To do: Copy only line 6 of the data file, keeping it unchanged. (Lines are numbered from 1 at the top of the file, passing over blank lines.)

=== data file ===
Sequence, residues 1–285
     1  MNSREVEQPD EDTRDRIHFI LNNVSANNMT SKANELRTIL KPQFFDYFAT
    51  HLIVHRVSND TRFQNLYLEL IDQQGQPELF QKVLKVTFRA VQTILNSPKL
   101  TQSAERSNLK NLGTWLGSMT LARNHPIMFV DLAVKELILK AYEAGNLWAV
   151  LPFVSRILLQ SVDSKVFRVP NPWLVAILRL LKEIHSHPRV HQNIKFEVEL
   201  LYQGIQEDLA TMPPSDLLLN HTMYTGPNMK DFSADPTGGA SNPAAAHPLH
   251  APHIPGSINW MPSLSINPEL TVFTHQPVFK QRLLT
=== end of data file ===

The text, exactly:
   201  LYQGIQEDLA TMPPSDLLLN HTMYTGPNMK DFSADPTGGA SNPAAAHPLH